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dc.contributor.advisorPaige, Matthewen_US
dc.contributor.advisorSteer, Ronald P.en_US
dc.creatorO'Brien, Jaclyn Annen_US
dc.date.accessioned2010-08-21T09:08:15Zen_US
dc.date.accessioned2013-01-04T04:53:47Z
dc.date.available2011-09-17T08:00:00Zen_US
dc.date.available2013-01-04T04:53:47Z
dc.date.created2010-08en_US
dc.date.issued2010-08en_US
dc.date.submittedAugust 2010en_US
dc.identifier.urihttp://hdl.handle.net/10388/etd-08212010-090815en_US
dc.description.abstractMetalloporphyrin aggregation is critical for triplet-triplet annihilation (TTA) to occur. In order to maximize the efficiency of TTA, to use as a mechanism of photon upconversion in dye-sensitized solar cells, it is important to understand the phenomenon of absorber aggregation. The aggregation of ZnTPP in polymer films was investigated by fluorescence anisotropy and total internal reflection fluorescence microscopy (TIRFM). Single molecule spectroscopy (SMS) and spectromicroscopy were the techniques used to study single molecules and multimolecular aggregates of ZnTPP/ZnTPPS in polymer films/adsorbed on glass substrates. Fluorescence anisotropy measurements consistently showed depolarized emission from films most concentrated with ZnTPP. This observation was likely a result of energy transfer in and among porphyrin aggregates. Fluorescence intensity decays were also obtained and they illustrated a pattern of decreased fluorescence lifetime (i.e. faster decays) as the concentration of porphyrin in the film increased. These results are consistent with the formation of aggregates, and their increased presence in more concentrated films. The formation of these aggregates quenches the fluorophore’s fluorescence, resulting in the observed shorter fluorescence lifetimes. TIRFM was performed to study the structure of these polymer films doped with ZnTPP. It was determined that these films consisted of discrete domains and thus lacked homogeneity, and the presence of aggregates was clearly visible. Time-resolved TIRFM measurements were also performed but no interesting results were collected. SMS and spectromicroscopy were the final techniques employed to study porphyrin aggregation. Preliminary measurements were performed with polymer films doped with ZnTPP, and the single step decay time trajectories collected indicated that single molecules were being studied. Furthermore, emission spectra of these molecules were collected and they were similar to those obtained for a bulk measurement, but the bands were slightly shifted in comparison. These measurements were repeated with ZnTPPS adsorbed to glass substrates. Two different patterns of decay trajectories were measured: (i) single step decays corresponding to single ZnTPPS molecules and (ii) multi step/complex decays representative of multimolecular aggregates. Emission spectra were also collected for the multimolecular aggregates, and they were consistent with those of an ensemble measurement but slightly blue-shifted. Such a shift is common when studying aggregates on such a highly polar surface. Thus, these results demonstrate that ZnTPPS aggregates form even at concentrations as low as 10-8 M, and can be studied using SMS despite their weak fluorescence emission.en_US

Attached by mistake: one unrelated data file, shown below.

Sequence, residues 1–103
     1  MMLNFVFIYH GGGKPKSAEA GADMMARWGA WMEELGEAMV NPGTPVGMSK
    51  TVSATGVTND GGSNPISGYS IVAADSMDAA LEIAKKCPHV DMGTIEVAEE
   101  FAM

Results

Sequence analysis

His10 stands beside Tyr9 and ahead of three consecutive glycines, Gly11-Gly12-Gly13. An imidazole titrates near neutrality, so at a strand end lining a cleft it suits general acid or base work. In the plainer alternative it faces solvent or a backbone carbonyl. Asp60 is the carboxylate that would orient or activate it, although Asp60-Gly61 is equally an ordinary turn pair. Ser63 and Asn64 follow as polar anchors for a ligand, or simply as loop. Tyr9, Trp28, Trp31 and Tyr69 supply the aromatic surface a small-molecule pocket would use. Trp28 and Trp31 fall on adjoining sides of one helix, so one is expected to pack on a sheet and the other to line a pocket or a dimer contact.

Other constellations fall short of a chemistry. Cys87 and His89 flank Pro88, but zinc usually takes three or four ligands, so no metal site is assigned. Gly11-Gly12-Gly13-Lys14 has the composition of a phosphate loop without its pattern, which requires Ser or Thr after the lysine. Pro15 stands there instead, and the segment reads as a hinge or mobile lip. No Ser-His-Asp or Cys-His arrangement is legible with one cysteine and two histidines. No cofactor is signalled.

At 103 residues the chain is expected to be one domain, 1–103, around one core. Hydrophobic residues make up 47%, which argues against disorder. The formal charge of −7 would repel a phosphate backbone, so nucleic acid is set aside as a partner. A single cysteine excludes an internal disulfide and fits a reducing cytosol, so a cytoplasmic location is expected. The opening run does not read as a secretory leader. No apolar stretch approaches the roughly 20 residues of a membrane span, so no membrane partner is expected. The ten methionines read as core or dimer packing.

dc.language.isoen_USen_US
dc.subjectSingle Molecule Spectroscopyen_US
dc.subjectAggregationen_US
dc.subjectTriplet-Triplet Annihilationen_US
dc.subjectPorphyrinen_US
dc.titleA survey of methods to study zinc porphyrin aggregates in various mediaen_US
thesis.degree.departmentChemistryen_US
thesis.degree.disciplineChemistryen_US
thesis.degree.grantorUniversity of Saskatchewanen_US
thesis.degree.levelMastersen_US
thesis.degree.nameMaster of Science (M.Sc.)en_US
dc.type.materialtexten_US
dc.type.genreThesisen_US
dc.contributor.committeeMemberBurgess, Ianen_US
dc.contributor.committeeMemberBandy, Brianen_US
dc.contributor.committeeMemberWard, Daleen_US


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